General Electric's GE Healthcare business is increasing production capacity and output of medical equipment in the effort to meet expanding demand as a result of the coronavirus/COVID-19 pandemic. “To help address this global challenge, we have increased our manufacturing capacity and output of equipment," stated GE Healthcare president and CEO Kieran Murphy, "including CTs, ultrasound devices, mobile X-ray systems, patient monitors and ventilators – important in the diagnosis and treatment of COVID-19 patients, while taking steps to ensure safe operations for our employees."
Relatedly, Reuters reported that General Motors and Ford Motor Co. are discussing with the White House how the automakers might shift idled production lines to manufacture ventilators and other medical equipment to help ease the expected shortage of resources. GM and Ford, as well as Fiat Chrysler, have closed their U.S. factories in the effort to minimize the risk of infection to workers.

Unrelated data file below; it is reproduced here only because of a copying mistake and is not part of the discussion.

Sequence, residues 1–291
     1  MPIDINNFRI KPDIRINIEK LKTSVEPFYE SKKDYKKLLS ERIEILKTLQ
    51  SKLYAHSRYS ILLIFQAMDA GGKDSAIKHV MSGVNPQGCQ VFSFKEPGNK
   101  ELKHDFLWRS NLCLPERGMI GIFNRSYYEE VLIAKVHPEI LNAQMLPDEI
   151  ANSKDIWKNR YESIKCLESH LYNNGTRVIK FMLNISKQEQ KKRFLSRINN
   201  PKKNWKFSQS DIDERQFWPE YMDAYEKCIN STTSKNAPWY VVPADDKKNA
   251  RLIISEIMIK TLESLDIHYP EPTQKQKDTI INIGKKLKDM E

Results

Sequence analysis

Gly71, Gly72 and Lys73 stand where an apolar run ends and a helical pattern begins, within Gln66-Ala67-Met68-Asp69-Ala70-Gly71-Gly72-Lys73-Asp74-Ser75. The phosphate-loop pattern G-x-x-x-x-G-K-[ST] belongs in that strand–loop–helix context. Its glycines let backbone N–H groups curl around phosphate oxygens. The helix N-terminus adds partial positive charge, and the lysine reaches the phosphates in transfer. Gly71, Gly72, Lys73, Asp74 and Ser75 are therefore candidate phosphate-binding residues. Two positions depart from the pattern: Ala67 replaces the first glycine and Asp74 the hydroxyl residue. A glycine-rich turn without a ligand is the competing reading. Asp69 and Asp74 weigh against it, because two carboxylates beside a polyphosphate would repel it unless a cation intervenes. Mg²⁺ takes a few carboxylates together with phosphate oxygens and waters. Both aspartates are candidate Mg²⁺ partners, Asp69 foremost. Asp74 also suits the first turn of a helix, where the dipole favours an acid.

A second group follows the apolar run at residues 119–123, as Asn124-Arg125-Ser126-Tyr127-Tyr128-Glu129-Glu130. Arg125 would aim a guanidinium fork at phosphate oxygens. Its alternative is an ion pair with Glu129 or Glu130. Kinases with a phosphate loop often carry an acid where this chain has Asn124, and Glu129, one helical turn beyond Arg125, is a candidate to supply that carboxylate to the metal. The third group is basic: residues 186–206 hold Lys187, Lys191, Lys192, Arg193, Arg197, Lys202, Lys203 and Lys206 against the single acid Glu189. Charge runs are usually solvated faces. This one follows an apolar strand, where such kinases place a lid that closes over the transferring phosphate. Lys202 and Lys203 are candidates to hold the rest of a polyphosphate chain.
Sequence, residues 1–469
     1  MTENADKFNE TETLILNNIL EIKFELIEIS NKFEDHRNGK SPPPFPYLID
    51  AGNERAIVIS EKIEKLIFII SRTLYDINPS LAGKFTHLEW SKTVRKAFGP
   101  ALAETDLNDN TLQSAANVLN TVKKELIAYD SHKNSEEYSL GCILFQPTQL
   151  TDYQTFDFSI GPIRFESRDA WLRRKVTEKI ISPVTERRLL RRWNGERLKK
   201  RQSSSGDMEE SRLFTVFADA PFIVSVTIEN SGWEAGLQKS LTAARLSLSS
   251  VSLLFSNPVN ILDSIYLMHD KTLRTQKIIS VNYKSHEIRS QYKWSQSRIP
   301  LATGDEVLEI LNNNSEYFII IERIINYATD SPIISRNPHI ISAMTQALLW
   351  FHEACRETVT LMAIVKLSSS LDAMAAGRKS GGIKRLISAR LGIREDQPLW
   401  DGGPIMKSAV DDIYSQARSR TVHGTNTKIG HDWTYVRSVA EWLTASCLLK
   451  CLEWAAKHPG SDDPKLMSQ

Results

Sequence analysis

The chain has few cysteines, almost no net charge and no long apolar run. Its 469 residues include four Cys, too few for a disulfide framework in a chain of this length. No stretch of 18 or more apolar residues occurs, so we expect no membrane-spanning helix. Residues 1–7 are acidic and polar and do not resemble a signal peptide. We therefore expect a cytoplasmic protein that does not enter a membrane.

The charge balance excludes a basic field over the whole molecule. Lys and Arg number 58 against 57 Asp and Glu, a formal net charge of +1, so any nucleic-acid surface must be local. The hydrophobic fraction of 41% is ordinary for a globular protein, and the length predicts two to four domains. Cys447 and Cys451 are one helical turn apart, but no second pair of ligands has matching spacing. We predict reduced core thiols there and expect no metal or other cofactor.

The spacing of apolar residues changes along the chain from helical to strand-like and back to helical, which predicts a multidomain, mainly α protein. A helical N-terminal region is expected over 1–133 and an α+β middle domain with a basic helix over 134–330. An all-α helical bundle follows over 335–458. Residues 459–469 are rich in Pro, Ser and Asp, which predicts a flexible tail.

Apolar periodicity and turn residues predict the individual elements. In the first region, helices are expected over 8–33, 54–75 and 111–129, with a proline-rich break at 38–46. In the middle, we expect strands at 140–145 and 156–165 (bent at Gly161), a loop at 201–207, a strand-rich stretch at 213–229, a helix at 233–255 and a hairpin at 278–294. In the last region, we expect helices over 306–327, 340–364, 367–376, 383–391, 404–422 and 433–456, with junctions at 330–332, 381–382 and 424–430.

Pointing to “unprecedented demand for medical equipment, including ventilators," GE Healthcare's Murphy said his unit would add manufacturing lines to ventilator production and increase the number of shifts, to produce around the clock.
Also the business committed to hire manufacturing employees and shift current employees to support increased demand, immediately.
GE Healthcare also will take steps to manage its supply chain by working with suppliers to mitigate shortages and minimize impact on customers around the world.
And, it will make partnering efforts with global regulators and use its clinical and technical expertise to address customers' questions.
Lastly, the GE unit committed to monitor the health of its field-service engineers and provide personal protective equipment for them when servicing devices, while increasing remote diagnostic and repair capabilities.